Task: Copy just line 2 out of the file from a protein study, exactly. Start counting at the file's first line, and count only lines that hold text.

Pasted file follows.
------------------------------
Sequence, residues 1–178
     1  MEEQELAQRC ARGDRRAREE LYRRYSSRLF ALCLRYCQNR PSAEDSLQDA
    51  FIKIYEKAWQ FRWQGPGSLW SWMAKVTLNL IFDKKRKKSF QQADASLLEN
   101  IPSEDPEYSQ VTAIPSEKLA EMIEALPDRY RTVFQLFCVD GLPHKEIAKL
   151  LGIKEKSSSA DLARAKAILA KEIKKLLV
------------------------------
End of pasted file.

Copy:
     1  MEEQELAQRC ARGDRRAREE LYRRYSSRLF ALCLRYCQNR PSAEDSLQDA